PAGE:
The Yahoo Problem

In 2012, with her appointment as CEO, Marissa Mayer had an ambitious plan to bring Yahoo back to its glory days and it was a theoretically sound one.

The majority of online users spend their time on smartphones engaged in activities like reading email, checking sports scores, getting weather and news updates, watching videos, chatting with friends, and connecting on social media. Most of these activities are traditional strong holds of Yahoo on the desktop. But Yahoo had not made the transition to mobile with its users.

So Mayer had a plan to bolster Yahoo’s mobile offerings and once again make it a top internet destination. However, a plan like this has three drawbacks: 1) Developing desirable well-trafficked mobile properties requires lots of hard-to-hire-for mobile design, engineering, and product talent. So Mayer chose to acquihire promising mobile startups instead. 2) It takes lots of time and money to market these products and convince users of their benefits. 3) Internet attention is now a zero sum game. If people spend more time on Yahoo properties, then inherently, they are spending less time on Facebook, Instagram, Youtube, Gmail, Snapchat, and BuzzFeed. So it’s obvious that taking on both large tech companies as well as well-funded upstarts in their primary revenue stream (eyeballs) is going to result in an expensive prolonged user acquisition back alley knife fight.

Thus Yahoo faced two major constraints: time and money. Fortunately, with a new management team, Yahoo had at least 2 years to prove itself. And even more fortuitous was Jerry Yang’s investment in Alibaba, which created one of the “most lucrative bet[s] In Silicon Valley history.” This meant Yahoo also had the cash firepower necessary to bring a gun to the knife fight.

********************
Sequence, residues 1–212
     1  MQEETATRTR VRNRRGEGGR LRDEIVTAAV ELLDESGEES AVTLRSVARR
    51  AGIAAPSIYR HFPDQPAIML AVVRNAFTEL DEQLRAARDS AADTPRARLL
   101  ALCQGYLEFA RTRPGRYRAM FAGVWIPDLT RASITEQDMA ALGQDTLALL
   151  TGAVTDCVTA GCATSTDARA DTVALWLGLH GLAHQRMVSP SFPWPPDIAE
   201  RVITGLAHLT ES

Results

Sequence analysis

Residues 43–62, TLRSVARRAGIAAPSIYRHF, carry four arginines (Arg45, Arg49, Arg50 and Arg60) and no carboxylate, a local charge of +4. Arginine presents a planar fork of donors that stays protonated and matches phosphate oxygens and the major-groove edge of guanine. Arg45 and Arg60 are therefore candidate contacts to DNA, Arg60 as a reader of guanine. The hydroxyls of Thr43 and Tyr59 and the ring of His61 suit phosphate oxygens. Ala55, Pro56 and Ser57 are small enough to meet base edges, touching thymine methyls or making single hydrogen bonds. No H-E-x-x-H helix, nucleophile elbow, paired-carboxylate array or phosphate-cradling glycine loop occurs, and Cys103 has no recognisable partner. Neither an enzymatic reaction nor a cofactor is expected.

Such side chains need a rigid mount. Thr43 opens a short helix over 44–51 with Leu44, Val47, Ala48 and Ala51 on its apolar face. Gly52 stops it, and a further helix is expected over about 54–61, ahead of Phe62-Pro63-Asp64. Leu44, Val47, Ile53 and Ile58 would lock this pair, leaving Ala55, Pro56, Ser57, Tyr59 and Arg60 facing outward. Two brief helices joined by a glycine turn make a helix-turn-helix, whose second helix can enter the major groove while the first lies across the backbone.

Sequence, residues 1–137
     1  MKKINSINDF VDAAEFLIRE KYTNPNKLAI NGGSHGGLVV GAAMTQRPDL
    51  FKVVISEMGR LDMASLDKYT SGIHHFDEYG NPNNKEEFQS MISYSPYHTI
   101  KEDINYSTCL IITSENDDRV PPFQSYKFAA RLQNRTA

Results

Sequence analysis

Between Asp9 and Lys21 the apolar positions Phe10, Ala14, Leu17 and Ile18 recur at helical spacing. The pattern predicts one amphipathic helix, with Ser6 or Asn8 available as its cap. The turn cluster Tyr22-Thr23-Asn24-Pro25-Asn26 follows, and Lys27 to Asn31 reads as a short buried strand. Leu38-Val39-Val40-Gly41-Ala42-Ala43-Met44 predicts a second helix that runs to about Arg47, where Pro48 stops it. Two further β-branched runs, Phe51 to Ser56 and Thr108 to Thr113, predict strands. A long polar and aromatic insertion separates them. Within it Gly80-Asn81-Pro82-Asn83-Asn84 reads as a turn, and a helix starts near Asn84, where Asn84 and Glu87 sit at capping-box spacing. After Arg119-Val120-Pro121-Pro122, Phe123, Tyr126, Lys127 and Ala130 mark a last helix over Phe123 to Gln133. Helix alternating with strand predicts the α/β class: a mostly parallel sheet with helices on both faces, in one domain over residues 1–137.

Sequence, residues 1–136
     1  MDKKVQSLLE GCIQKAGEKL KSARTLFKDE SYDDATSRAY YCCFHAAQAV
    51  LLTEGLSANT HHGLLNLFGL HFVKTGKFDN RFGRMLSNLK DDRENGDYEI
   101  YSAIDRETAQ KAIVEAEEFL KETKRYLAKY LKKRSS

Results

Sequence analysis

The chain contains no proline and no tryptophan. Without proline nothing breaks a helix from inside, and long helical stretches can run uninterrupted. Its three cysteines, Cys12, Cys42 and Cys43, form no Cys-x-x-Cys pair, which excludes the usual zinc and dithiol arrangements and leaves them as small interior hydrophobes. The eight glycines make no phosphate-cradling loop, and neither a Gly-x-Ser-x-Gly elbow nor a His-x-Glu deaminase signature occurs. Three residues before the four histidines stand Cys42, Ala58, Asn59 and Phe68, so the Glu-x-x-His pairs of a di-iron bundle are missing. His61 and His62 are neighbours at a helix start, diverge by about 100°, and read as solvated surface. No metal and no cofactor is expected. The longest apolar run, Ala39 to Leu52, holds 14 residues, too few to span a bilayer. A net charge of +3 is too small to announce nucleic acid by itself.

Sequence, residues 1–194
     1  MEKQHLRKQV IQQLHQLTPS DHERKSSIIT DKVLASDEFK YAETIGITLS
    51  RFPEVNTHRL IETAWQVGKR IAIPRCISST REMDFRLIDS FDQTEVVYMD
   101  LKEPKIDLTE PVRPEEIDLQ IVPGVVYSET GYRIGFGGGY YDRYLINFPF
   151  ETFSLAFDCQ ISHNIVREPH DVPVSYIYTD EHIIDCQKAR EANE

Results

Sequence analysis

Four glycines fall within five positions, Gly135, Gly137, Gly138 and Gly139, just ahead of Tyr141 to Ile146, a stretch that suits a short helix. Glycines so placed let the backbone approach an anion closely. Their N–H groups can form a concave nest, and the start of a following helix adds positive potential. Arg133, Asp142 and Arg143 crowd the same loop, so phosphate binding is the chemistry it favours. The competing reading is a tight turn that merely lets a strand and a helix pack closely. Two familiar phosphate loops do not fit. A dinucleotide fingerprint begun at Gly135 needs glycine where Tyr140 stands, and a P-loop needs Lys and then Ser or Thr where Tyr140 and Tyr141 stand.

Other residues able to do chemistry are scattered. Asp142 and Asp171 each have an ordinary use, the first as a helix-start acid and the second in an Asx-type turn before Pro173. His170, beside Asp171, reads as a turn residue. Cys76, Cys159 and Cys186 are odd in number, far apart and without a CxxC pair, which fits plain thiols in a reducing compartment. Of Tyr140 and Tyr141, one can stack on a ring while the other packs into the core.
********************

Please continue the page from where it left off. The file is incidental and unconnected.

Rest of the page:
Unfortunately, it was precisely this Alibaba bet that would be Yahoo and Mayer’s undoing. In the last 4 years, Yahoo did acquire some great mobile startups including Tumblr for social media among teens (for $1.1 bn), mobile analytics firm Flurry (for $200 mm), Summly for news aggregation (for $30 mm) which eventually led to the great Yahoo News app, and the creation of the Yahoo Weather app which prompted the venerable Johnny Ive to write a congratulatory note to Mayer for its outstanding design. Later, Yahoo earnings did show a large uptick in mobile users across their portfolio. However, it was all a little too late. In late 2014, Alibaba IPO’d and suddenly it became crystal clear where Yahoo as a conglomerate derived its value from. In fact, the market valued Yahoo’s core business below zero. In other words, the prevailing sentiment was that Yahoo’s management team would take the Alibaba assets and basically burn them pursuing low return on investment strategies like buying more unprofitable mobile startups.

With large amounts of Alibaba value locked up inside Yahoo, it painted a target on Yahoo and Mayer’s back. There was too much money being left on the table for activist investors not to jump in and demand a separation of Alibaba and Yahoo. However, this was antithetical to the Mayer strategy of spending cash now to build a large portfolio of mobile properties that would (hopefully) bring in a multiple of ad revenue in the long run.

Perhaps this perfectly illustrates the agency problem in corporate governance.